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Downing Street Claims Voters Aren't 'Buying' Starmer's Labour Despite Major Tory Losses At Locals

Downing Street Claims Voters Aren't 'Buying' Starmer's Labour Despite Major Tory Losses At Locals
5 min read

A briefing war is underway over the local election results with Labour insisting that it is rebuilding its support in 'red wall' parts of the country that will be key to determining the next general election. 

The results announced as of Friday lunchtime are mixed, with Labour picking up some council seats in the North and the Midlands but failing to make major inroads up to now. The Conservatives have suffered their biggest losses in the South, but not at Labour's gain, with the Liberal Democrats continuing to grow its support in traditionally Tory areas.

Downing Street this morning was keen to focus on red wall parts of the country where Labour leader Keir Starmer has prioritised ahead of the next general election. Labour haemorrhaged votes in these at the 2019 general election, paving the way to Boris Johnson's 80-seat parliamentary majority.

A senior government source claimed Starmer was making scant progress in these areas, based on the results announced so far.

“The red wall still aren’t buying Starmer," they told PoliticsHome.

"Outside of London the Labour vote is actually lower than it was under Corbyn in 2018 — has he done enough to indicate he is a PM in waiting? — absolutely not.”

Labour has made some significant gains, including three major long-held Conservative councils in London, and Cumberland Council, a new local authority in Cumbria which incorporates the seats of three Conservative MPs, where Labour won a large majority of seats.

A Labour source said "the feeling internally is really positive" and that the results announced up to now showed that the next general election, which must take place by 2024, was "winnable".

"If the whole party gets as serious about it as those that ran the campaign, we will be the next government," they told PoliticsHome.

Labour sources insisted the party had picked up key victories in its former heartlands. They argued that the results showed the party regaining sixteen Brexit-voting constituencies at the next general election including Hartlepool in the northeast, Leigh in the northwest, and several Midlands seats.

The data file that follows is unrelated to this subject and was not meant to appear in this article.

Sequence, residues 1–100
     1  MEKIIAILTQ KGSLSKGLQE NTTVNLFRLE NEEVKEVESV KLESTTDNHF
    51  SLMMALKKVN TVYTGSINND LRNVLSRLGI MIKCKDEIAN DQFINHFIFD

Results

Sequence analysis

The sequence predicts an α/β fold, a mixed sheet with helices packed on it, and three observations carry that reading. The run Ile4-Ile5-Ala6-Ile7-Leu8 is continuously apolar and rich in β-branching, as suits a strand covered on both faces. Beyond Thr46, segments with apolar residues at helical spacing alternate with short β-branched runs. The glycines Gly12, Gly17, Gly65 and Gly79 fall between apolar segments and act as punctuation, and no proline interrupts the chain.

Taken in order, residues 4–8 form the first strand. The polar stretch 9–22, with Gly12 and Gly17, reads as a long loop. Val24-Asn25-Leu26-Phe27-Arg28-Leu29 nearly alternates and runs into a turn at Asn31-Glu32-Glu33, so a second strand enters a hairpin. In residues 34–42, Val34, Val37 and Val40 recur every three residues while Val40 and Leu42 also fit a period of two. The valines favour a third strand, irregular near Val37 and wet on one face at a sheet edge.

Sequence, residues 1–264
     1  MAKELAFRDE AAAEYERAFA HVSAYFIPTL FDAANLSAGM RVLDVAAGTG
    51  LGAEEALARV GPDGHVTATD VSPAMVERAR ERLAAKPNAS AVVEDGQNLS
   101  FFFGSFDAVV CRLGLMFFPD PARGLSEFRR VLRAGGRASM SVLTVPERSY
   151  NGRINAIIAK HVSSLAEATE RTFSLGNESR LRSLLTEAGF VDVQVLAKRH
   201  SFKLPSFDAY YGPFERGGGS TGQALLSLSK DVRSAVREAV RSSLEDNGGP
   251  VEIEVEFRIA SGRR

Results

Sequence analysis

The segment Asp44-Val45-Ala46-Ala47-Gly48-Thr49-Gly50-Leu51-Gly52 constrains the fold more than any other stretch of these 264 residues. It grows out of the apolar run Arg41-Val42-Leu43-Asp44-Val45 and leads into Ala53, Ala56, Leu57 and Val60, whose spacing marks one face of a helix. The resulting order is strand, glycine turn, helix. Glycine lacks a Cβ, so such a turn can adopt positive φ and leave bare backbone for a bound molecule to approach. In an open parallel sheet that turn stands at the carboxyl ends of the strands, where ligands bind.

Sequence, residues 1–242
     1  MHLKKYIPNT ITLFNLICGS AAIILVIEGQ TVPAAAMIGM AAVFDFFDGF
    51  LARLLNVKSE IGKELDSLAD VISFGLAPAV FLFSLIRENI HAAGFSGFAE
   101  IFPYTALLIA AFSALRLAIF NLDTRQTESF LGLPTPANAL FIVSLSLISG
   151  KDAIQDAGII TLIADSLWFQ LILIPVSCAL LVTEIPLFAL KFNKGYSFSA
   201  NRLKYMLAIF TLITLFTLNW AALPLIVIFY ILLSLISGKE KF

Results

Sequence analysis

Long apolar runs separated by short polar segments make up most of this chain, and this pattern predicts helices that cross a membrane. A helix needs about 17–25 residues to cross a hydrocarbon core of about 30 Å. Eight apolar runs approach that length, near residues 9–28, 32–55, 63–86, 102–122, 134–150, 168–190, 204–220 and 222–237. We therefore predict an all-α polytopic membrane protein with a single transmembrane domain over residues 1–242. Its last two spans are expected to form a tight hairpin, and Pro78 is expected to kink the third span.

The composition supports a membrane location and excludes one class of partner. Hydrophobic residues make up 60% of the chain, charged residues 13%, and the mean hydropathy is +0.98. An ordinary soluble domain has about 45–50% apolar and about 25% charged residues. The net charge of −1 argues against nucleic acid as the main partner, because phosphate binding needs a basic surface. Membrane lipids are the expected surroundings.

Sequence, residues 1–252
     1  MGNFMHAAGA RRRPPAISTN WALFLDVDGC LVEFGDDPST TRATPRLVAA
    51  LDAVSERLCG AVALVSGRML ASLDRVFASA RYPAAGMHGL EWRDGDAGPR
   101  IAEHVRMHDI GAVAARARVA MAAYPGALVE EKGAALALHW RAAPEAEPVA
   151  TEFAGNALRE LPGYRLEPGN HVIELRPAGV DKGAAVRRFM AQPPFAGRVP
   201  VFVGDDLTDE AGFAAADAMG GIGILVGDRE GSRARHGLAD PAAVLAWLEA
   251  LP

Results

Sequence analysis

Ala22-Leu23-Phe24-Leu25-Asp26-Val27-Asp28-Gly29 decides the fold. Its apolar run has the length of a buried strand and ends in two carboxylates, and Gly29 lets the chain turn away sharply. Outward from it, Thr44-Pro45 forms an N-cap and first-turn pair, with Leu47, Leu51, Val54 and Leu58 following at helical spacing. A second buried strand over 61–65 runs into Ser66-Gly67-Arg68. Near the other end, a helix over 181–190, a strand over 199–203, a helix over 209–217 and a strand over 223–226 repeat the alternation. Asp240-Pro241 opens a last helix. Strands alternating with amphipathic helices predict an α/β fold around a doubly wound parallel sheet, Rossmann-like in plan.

Speaking this morning, however, polling expert Sir John Curtice said that so far Labour hadn't made the level of progress in the North and Midlands that it would have hoped for.

"The Labour party has been wanting to argue throughout the night that these local election results clearly demonstrate evidence of progress," Curtice told BBC Radio 4.

"In London, that's true. It looks like Labour's vote is up by about a point as compared with 2018 and they did pretty well in London in 2018. London now will very clearly be more of a one-party Labour fiefdom. 

"But outside of London, as compared with 2018 when the seats were last contested, it looks as if Labour's vote is actually down slightly," Curtice said.

"For a party that's trying to make progress, and has on its agenda not to win yet more in London but trying to regain ground in the so-called red wall seats in the Midlands and the North, this wasn't quite the degree of progress that might have hoped and anticipated."

Others within Labour appeared sceptical that results so far indicated they were "a party on the verge of winning power".

"[Labour] is not doing well on the ground and in digital spaces, and is increasingly outpaced by the Liberal Democrats, who have always done well on local campaigning and The Green Party," a Labour campaign source told PoliticsHome. 

"No amount of spin or expectations management can disguise this reality. This was hidden in the Corbyn era by the sheer enthusiasm of the then-large membership and the efforts of outrider campaign groups like Momentum.

"Now left without these resources, we see the true state of the party’s machine: clapped out.”

James Johnson, who ran polling in Downing Street during Theresa May's time in Downing Street, offered a more positive assessment of the results for Labour. He argued that even if Starmer's party only managed to replicate its performance in red wall areas at the 2018 local elections, that would be enough to win back a number of those seats from the Conservatives at the next general election.

Where Labour has undoubtedly enjoyed success is in London, where it has taken the boroughs of Barnet, Wandsworth and Westminster from the Conservatives.

Wandsworth in south London represents a symbolic victory for Labour, as it was famously the favourite borough of the former Conservative prime minister Margaret Thatcher.

A Labour source said even on polling day the party didn't expect to win in Westminster.

Shabana Mahmood MP, Labour’s National Campaign Coordinator, said the results represented a "turning point" for the party after the "disastrous" result of the 2019 general election.

"Labour is making headway in England, Scotland and Wales, taking over key Conservative councils and winning in vital Parliamentary battlegrounds across the country," she said.

 

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